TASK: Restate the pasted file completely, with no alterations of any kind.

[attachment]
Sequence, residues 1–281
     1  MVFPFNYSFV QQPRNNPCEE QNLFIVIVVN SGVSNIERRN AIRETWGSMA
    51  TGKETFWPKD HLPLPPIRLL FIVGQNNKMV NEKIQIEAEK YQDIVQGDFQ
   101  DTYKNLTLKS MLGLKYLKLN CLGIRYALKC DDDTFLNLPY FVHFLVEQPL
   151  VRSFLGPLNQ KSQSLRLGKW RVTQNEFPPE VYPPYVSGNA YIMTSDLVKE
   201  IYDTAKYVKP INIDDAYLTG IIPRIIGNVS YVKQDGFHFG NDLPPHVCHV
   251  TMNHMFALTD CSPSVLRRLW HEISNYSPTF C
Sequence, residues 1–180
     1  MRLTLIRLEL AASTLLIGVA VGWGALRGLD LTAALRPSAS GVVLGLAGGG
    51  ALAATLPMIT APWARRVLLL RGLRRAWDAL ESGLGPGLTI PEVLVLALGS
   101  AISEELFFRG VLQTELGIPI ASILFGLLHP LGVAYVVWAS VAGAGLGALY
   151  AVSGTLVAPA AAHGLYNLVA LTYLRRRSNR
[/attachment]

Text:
Sequence, residues 1–281
     1  MVFPFNYSFV QQPRNNPCEE QNLFIVIVVN SGVSNIERRN AIRETWGSMA
    51  TGKETFWPKD HLPLPPIRLL FIVGQNNKMV NEKIQIEAEK YQDIVQGDFQ
   101  DTYKNLTLKS MLGLKYLKLN CLGIRYALKC DDDTFLNLPY FVHFLVEQPL
   151  VRSFLGPLNQ KSQSLRLGKW RVTQNEFPPE VYPPYVSGNA YIMTSDLVKE
   201  IYDTAKYVKP INIDDAYLTG IIPRIIGNVS YVKQDGFHFG NDLPPHVCHV
   251  TMNHMFALTD CSPSVLRRLW HEISNYSPTF C
Sequence, residues 1–180
     1  MRLTLIRLEL AASTLLIGVA VGWGALRGLD LTAALRPSAS GVVLGLAGGG
    51  ALAATLPMIT APWARRVLLL RGLRRAWDAL ESGLGPGLTI PEVLVLALGS
   101  AISEELFFRG VLQTELGIPI ASILFGLLHP LGVAYVVWAS VAGAGLGALY
   151  AVSGTLVAPA AAHGLYNLVA LTYLRRRSNR